Monday, September 05, 2005

It's Official: Slow News Month Over

While some critics have proclaimed the demise of Exit145 due to lack of interest and time on our part, the reality is that August was, as usual, a tremendously slow news month. And unless you've been living under a rock for the last week, things have picked up. I'd like to draw your attention to two items concerning the biggest stories of the last week.

First off, the disaster that is New Orleans. I have to admit that I wanted to reserve judgment with regard to the federal government's handling of the post-hurricane situation in the Big Easy. I have determined, with influence coming from many quarters (including the man who puts the '145' in 'Exit145', Eric), that it is irresponsible to continue to look the other way. Further, I must admit that the visceral (and obviously expected) reaction to Bush's action (or lack thereof) from the far left inspired in me a knee-jerk reaction to defend a President who has appeared to this point to be a superior crisis manager. While criticizing the 'left' for playing the partisan card during a national tragedy, I was subconciously doing same. While reading Andrew Sullivan's op-ed from yesterday's London Times I officially realized my mistake. As usual, Sully cuts straight to the core of the controversy (albeit in a fairly emotional tone) while lending both historical perspective and potential future developments to the mix. The entire thing is worth a read, and I found this bit pretty interesting.
What harm can come to Bush? Not much: except a worrying weakening of his ability to carry the public for the war in Iraq. A competent Democrat could clean up with a message to restore government for the people rather than for special interests. But these days, a competent Democrat is an oxymoron. Hillary has been silent. She figures she need do nothing but let the anger vent on Bush.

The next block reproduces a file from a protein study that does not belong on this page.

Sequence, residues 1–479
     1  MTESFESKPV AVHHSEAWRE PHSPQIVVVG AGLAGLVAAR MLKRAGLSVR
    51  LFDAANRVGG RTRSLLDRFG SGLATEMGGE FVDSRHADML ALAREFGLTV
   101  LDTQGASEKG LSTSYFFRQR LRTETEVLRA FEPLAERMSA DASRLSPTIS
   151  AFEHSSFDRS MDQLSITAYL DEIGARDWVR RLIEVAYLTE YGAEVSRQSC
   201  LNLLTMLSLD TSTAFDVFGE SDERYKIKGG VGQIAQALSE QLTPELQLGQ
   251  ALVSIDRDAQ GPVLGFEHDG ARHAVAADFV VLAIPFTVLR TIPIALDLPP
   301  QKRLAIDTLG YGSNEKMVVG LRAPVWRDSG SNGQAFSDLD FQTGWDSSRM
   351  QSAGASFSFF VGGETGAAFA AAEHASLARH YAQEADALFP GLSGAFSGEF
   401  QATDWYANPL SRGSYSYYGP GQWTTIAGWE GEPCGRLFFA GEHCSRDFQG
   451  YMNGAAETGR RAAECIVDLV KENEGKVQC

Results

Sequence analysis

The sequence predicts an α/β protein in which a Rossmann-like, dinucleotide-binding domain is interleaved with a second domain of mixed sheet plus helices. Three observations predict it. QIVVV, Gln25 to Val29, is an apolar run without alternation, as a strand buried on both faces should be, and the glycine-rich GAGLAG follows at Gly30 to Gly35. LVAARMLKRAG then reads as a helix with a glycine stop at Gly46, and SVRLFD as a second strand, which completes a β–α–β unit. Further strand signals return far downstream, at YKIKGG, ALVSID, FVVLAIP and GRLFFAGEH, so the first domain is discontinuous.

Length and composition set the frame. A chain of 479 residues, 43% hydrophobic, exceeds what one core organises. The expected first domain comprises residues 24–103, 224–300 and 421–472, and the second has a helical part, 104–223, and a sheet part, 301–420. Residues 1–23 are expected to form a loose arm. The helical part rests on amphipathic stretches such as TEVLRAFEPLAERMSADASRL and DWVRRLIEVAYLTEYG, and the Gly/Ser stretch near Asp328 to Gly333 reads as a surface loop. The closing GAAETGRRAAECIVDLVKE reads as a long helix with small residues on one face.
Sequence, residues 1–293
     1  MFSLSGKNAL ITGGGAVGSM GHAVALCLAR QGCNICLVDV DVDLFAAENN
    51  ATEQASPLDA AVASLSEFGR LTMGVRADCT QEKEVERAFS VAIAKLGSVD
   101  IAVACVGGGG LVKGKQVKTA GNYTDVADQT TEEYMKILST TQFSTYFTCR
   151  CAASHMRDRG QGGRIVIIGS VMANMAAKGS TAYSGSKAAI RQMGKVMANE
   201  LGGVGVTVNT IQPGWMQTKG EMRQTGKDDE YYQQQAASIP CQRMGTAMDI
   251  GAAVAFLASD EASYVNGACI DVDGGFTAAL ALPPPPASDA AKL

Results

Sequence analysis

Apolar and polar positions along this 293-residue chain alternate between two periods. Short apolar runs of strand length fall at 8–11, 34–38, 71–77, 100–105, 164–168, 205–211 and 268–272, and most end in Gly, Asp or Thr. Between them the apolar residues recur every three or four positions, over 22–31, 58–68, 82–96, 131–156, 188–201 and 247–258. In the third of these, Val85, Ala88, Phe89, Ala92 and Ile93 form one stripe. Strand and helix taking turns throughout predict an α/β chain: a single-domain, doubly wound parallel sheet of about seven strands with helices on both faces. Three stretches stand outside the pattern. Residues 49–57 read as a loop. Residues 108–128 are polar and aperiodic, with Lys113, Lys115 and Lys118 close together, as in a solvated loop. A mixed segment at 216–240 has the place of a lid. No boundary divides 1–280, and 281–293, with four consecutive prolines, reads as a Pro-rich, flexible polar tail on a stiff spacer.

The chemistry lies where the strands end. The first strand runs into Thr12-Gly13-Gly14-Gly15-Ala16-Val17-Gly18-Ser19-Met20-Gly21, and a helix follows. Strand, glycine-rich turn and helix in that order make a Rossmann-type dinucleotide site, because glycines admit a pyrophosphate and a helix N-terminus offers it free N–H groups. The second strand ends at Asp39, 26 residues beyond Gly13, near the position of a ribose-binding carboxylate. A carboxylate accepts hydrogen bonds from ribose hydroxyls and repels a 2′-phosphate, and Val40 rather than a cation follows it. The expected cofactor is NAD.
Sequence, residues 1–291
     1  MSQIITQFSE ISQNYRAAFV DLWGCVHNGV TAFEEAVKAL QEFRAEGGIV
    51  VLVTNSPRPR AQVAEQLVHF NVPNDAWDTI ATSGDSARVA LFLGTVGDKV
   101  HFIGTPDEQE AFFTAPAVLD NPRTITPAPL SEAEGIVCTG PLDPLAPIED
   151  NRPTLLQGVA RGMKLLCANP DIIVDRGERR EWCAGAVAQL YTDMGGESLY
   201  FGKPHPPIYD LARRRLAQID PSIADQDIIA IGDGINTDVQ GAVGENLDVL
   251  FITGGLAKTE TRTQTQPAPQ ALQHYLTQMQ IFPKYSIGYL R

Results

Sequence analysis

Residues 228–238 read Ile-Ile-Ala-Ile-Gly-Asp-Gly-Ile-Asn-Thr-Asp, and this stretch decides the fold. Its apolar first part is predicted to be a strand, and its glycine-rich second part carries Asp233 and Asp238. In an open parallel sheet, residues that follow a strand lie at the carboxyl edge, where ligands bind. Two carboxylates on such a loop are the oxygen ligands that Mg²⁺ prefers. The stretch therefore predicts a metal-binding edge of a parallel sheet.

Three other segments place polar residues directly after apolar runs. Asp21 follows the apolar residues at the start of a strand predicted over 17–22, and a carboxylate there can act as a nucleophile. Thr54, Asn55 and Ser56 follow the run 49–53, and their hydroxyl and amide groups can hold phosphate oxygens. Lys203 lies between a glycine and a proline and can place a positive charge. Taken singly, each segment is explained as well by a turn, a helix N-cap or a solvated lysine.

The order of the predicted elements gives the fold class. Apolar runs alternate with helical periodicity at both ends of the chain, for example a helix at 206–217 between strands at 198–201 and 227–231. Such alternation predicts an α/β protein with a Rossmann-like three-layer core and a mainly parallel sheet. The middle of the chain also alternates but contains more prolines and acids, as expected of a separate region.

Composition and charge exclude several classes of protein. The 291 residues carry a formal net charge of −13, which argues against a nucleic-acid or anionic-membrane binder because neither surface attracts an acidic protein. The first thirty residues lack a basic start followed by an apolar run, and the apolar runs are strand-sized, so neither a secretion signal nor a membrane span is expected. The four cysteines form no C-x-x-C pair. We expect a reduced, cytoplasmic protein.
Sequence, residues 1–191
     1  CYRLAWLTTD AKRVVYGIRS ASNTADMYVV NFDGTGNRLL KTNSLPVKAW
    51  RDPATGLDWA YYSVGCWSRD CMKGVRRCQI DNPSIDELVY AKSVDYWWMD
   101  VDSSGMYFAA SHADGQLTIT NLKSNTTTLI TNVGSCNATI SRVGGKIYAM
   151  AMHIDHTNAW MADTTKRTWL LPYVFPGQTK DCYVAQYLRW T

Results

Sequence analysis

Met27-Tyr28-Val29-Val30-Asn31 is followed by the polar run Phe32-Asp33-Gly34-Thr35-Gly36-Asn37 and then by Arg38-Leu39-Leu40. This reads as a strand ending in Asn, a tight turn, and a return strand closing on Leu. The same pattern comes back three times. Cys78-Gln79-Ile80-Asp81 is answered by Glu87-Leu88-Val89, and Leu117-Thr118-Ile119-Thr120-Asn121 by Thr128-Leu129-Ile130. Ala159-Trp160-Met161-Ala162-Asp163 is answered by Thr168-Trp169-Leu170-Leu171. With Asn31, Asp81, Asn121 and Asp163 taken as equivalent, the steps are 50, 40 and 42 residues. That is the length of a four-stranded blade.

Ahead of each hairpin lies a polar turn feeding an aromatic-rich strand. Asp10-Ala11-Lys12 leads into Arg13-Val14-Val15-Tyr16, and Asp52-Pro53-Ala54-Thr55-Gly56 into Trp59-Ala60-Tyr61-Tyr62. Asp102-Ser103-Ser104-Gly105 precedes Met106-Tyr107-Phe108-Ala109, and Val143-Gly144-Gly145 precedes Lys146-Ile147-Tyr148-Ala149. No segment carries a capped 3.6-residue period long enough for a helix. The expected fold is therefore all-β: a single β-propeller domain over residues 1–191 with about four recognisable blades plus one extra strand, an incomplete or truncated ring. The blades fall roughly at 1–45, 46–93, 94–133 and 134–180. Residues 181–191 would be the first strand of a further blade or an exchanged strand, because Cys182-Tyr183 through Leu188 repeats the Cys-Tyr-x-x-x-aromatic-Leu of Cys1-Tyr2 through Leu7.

But in Republican circles, one real change may have occurred. In a matter of days, Rudy Giuliani’s chances of becoming the next president improved drastically. What people want now is someone who can make the federal government work again. They want an executive who can fight a war and keep them safe. Nobody represents that kind of need better than Giuliani. His social liberalism — which makes him anathema to the religious fundamentalists who control the Republican party — would be overwhelmed by his appeal to law-and-order Republicans. Those Republicans know when an almighty error has been made. And last week, their president failed them. It will take enormous political work for him to win them back now.
Second, the nomination of John G. Roberts to Chief Justice was an interesting and seemingly shrewd move. As someone pointed out to me this morning, this puts Sandra Day O'Connor in an interesting position. Roberts was initially slated to replace O'Connor as associate justice once he was given Senate approval. Now that he'll be replacing Rehnquist, O'Connor will remain on the bench until a replacement for her is found. With the confirmation of Roberts expected to take some time, O'Connor could remain on the bench for months to come. Will she take a back seat or will she take advantage of her now 'rock-star' status that was given upon her announcement of retirement? Time will tell.

The gauntlet has been thrown down, Eric.

--Frank

3 Comments:

Blogger poster said...

Here are some excerpts from a conversation with an avid exit145 reader. We'll identify him as 'The Blogfather'.